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Home 1995 April

Thursday, 13 April 1995

  • Letter: Denied access to the countryside
    Friday, 14 April 1995

    Take one example, from a county not known for bad paths. Oxfordshire County Council's recent path survey shows that two-thirds of footpaths across fields in the county were not reinstated as required by law. Hardly a "positive approach" and "construc...

  • Letter: Judge councillors on their own performance
    Friday, 14 April 1995

    The Liberal Democrats, with a share of the vote a whisker below that of the Conservatives, nevertheless won 50 per cent more seats. The Scottish Nationalists, with a vote share on 25 per cent, won well under 20 per cent of the seats; while Labour, wi...

  • Leading Article: Turning fishnets into stockings
    Friday, 14 April 1995

    There has been fault on both sides. European - and in particular, Spanish - vessels have been guilty of overfishing and breaking the rules. The Canadians, by acting outside their own territorial waters to seize a ship, have played fast and loose with...

  • Learning from inspection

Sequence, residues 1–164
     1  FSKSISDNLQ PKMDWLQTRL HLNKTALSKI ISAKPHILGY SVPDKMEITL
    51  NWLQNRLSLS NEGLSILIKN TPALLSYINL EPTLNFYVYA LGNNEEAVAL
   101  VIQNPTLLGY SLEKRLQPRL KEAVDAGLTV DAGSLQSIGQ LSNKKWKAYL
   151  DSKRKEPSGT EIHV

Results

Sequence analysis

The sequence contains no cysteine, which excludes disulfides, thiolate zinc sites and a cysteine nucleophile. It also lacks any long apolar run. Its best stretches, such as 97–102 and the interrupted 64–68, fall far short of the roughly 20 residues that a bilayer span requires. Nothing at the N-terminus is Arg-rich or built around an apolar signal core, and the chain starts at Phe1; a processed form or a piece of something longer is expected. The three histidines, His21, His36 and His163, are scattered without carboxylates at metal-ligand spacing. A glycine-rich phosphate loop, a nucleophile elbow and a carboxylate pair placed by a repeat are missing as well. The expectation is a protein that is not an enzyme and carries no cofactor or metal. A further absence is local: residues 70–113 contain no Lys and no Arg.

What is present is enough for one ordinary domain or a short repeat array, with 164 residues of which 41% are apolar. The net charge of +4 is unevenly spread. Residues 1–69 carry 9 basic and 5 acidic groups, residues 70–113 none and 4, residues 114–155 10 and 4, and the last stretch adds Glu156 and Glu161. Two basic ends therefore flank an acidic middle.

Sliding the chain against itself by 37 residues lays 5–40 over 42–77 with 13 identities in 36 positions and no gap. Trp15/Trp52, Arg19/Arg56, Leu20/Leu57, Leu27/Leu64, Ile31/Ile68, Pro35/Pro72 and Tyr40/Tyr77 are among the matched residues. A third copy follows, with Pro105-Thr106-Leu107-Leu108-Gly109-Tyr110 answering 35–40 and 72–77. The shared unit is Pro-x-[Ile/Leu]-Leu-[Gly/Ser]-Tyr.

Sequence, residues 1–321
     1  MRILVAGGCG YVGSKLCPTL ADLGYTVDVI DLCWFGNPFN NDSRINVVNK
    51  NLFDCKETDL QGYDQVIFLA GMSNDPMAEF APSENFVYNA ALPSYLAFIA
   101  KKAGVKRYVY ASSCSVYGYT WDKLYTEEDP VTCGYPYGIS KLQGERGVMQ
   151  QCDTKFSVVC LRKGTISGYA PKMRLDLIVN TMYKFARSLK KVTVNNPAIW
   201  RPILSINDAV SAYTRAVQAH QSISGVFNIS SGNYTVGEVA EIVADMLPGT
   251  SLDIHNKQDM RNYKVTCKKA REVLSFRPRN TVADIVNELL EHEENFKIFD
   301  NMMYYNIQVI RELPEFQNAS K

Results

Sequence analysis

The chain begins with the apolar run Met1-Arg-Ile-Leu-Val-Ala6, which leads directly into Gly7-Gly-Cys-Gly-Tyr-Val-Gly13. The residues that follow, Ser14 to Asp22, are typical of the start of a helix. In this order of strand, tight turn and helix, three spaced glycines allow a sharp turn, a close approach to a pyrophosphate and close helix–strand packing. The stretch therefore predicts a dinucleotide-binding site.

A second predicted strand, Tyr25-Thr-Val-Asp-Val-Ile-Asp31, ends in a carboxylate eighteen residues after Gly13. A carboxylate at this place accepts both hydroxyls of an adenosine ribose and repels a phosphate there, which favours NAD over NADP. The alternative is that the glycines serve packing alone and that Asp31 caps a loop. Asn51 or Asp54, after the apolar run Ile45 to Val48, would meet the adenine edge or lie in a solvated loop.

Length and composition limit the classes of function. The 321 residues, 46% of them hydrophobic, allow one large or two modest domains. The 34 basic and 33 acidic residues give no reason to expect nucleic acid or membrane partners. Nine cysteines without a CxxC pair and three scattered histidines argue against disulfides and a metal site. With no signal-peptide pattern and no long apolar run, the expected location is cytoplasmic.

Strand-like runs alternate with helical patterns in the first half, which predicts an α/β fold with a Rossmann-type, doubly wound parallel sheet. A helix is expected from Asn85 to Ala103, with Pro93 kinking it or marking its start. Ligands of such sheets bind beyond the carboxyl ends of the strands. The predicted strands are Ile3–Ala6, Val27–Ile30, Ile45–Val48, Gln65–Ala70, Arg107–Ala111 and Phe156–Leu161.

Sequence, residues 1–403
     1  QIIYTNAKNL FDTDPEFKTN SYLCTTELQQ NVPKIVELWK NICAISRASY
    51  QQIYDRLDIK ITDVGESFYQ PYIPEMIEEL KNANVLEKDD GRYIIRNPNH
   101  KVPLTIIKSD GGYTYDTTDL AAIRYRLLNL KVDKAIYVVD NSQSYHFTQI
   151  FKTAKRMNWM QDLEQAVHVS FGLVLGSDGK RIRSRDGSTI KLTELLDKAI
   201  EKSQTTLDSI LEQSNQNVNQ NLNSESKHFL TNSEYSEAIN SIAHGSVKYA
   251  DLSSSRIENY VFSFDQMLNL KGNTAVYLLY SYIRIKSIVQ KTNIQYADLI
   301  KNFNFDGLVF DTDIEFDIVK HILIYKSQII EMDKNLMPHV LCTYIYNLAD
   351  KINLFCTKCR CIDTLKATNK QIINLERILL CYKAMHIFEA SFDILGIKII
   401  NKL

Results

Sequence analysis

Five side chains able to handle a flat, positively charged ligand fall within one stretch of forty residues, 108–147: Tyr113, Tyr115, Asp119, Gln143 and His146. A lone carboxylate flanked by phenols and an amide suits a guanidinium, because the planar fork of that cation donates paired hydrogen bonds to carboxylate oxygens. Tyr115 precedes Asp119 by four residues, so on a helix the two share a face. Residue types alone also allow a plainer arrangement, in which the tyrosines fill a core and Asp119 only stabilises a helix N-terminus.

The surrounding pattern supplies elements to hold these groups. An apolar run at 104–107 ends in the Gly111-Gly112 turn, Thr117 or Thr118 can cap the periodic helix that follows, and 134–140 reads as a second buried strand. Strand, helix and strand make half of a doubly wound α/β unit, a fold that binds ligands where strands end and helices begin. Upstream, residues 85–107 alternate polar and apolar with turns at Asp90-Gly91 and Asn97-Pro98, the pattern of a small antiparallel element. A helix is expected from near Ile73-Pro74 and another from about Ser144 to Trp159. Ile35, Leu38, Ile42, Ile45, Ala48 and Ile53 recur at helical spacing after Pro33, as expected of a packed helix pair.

Friday, 14 April 1995

    Raising standards in our schools is an aim that all those concerned with education surely share. Certainly it is one issue on which there is political consensus. The regular inspection of all schools in England is an essential part of that improvemen...

  • Letter: Judge councillors on their own performance
    Friday, 14 April 1995

    Those standing as Conservatives, or for Labour or the Liberal Democrats, have become accustomed to being judged on the performance of their national leaders. Even those who have given a lifetime of service to the community see this counting for nough...

  • Letter: Teaching children about racism
    Friday, 14 April 1995

    We have sold 650 copies of our teaching pack, Isatou, Chloe and You, to primary schools throughout the UK. This compares the lives of Isatou, an 11-year-old in the Gambia, with Chloe, a nine-year-old in Marlborough. It comes with a sound tape, video ...

  • Letter: Luvvies, sillies and Labour
    Friday, 14 April 1995

    One recalls that Cambridge caste dubbed "sillies" - described by Leonard Woolf as "an intellectual aristocracy of the middle class, the nearest equivalent in other countries being the French 18th century noblesse de robe". His wife, Virginia, was a "...

  • Letter: Clear as mud
    Friday, 14 April 1995